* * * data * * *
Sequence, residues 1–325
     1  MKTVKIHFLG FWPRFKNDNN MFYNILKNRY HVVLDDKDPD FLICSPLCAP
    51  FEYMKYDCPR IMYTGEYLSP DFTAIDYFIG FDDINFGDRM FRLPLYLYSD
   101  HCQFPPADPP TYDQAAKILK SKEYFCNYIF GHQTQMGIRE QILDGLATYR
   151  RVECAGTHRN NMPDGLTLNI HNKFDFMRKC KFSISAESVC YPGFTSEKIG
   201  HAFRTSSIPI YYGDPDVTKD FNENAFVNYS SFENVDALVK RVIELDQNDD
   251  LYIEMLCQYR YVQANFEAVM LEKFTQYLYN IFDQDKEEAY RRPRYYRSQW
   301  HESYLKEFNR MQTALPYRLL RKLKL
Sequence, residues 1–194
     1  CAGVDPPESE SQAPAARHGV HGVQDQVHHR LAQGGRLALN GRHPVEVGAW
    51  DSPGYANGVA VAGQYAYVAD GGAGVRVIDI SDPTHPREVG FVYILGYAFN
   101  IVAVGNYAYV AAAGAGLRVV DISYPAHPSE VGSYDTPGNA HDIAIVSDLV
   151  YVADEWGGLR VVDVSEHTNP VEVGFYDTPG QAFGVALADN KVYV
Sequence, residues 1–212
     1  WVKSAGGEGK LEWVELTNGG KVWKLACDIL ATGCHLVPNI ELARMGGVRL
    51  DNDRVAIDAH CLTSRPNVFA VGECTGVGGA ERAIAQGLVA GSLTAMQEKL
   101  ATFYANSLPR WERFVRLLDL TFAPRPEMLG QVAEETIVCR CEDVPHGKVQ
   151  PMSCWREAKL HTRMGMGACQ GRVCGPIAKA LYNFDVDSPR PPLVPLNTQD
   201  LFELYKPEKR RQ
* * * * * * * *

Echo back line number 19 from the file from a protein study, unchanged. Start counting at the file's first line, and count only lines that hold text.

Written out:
   201  LFELYKPEKR RQ